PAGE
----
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McKinzie May Lose Attorneys, Newport Home

October 01, 1987|JAMES S. GRANELLI | Times Staff Writer

Janet F. McKinzie, the subject of an FBI investigation and a civil lawsuit alleging that she helped defraud North America Savings & Loan Assn. out of $43 million, could soon lose her attorneys as well as her plush Newport Beach home.

McKinzie's attorneys, including lawyers in the Houston office of Richard (Racehorse) Haynes, said they have not been paid because her assets have been frozen by court order and have asked U.S. District Court Judge Harry Hupp in Los Angeles to allow them to stop representing her.

A hearing on their request is scheduled for Oct. 19.

McKinzie, meanwhile, has until Tuesday to pay off $94,000 in overdue mortgage payments and foreclosure costs or sell her house, which was deeded to her in 1984 by the late Duayne D. Christensen, owner of North America Savings, according to court and county documents.

McKinzie could not be reached for comment.

If McKinzie can sell the house and realize profit from it, she will probably use the proceeds for legal fees, said Robert Berke, her Los Angeles attorney.

McKinzie was Christensen's confidante, business manager and sole heir. He died in a car crash on Jan. 16, hours before his Santa Ana savings institution was seized by regulators.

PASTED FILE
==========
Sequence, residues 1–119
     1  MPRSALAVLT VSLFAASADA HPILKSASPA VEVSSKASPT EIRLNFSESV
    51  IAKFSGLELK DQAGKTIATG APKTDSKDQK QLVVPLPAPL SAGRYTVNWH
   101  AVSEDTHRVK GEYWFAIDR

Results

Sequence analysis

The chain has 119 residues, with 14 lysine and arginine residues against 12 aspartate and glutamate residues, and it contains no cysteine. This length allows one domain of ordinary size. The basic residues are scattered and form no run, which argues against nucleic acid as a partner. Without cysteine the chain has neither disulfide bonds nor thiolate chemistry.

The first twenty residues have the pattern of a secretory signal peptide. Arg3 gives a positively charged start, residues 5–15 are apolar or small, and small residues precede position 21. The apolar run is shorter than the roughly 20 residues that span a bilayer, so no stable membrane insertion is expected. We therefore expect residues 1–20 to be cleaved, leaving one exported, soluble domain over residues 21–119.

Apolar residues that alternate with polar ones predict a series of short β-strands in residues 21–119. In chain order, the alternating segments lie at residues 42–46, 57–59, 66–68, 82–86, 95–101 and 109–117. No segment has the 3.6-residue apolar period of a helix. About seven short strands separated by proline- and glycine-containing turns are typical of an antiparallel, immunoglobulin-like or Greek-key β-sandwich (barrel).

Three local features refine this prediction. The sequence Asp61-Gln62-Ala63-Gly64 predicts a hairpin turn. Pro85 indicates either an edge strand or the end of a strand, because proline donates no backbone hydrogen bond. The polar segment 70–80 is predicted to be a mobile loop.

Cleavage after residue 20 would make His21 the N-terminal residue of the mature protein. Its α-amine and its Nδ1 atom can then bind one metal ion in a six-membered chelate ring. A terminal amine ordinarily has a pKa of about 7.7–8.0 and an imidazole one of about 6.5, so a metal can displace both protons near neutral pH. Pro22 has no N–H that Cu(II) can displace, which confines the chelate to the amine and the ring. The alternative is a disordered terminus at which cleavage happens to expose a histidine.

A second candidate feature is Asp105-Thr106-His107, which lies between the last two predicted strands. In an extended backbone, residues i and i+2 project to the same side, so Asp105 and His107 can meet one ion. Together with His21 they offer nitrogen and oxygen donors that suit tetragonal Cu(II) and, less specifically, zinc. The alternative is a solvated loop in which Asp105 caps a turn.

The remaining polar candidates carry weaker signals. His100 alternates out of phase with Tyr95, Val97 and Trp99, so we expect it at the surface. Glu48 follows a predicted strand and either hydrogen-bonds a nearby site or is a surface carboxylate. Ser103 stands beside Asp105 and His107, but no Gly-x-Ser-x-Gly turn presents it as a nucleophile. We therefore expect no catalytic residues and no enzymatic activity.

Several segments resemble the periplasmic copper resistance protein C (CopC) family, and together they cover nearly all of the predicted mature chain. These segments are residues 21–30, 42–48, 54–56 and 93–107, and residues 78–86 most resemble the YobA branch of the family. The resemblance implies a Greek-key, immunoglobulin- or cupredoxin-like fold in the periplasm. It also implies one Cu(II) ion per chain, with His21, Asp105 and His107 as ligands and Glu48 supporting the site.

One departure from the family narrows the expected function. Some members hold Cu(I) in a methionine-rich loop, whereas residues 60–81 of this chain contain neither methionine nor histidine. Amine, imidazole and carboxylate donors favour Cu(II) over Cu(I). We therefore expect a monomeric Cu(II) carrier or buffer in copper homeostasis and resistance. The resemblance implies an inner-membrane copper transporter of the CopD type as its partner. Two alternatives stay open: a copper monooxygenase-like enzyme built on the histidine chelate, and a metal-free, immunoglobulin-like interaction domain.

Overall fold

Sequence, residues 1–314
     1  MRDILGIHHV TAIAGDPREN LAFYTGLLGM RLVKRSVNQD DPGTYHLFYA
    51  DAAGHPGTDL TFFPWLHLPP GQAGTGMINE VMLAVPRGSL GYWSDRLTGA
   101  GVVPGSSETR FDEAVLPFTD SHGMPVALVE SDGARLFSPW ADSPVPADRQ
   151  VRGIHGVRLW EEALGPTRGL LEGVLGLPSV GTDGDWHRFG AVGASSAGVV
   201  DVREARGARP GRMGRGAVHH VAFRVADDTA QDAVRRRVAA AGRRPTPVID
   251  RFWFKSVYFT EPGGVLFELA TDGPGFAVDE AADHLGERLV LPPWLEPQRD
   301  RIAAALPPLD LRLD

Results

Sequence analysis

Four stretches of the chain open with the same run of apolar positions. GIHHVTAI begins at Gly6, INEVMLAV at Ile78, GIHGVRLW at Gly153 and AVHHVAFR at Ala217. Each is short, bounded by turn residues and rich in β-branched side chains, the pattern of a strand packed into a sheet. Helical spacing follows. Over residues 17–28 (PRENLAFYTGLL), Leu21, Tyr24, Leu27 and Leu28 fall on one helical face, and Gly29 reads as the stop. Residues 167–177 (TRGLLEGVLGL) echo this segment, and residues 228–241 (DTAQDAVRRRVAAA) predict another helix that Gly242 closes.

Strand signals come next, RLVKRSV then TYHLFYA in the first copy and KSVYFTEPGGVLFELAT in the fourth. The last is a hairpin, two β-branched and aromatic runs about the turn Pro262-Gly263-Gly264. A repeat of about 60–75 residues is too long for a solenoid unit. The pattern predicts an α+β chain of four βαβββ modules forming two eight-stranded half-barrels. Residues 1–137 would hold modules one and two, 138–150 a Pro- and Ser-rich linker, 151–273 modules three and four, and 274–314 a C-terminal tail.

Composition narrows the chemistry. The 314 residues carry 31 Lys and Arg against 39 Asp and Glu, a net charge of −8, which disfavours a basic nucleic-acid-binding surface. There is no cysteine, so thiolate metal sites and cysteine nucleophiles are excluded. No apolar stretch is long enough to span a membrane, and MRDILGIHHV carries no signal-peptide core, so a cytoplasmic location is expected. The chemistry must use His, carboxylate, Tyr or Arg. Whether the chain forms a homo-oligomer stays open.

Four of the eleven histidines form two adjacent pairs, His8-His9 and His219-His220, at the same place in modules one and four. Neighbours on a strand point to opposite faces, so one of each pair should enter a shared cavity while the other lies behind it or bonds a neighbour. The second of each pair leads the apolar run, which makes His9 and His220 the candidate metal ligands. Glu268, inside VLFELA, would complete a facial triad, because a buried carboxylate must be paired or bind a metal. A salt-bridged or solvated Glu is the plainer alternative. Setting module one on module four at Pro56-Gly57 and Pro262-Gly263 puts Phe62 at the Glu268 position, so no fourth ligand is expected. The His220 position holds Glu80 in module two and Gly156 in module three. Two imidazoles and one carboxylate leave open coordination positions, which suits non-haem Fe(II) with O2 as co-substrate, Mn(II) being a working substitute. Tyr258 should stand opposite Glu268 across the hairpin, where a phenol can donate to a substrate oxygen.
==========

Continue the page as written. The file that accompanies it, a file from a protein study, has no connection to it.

The lawyers' complaint is based on a March court order that freezes McKinzie's assets and places them under the control of a court-appointed receiver.

"It's economic capital punishment," said Berke, who joined with the Houston attorneys in their motion to leave the case. "You can't attach all her assets and deprive her of the ability to live or to pay her lawyers."

A separate court-ordered bank account holds the proceeds from a $10-million life insurance policy McKinzie took out on Christensen's life. His three children and several creditors allege that they are entitled to receive all or portions of the proceeds, while the Federal Savings and Loan Insurance Corporation says the money belongs to North America Savings.

The receiver, David L. Ray, has told Hupp that the value of the assets assigned to the receivership has not been as much as the court initially expected. The receivership's latest statement, filed two weeks ago, showed just $16,000 in remaining asset value.

Berke, however, said the receivership had sufficient funds to pay $290,000 in receiver's fees to Ray and his staff for the last seven months.

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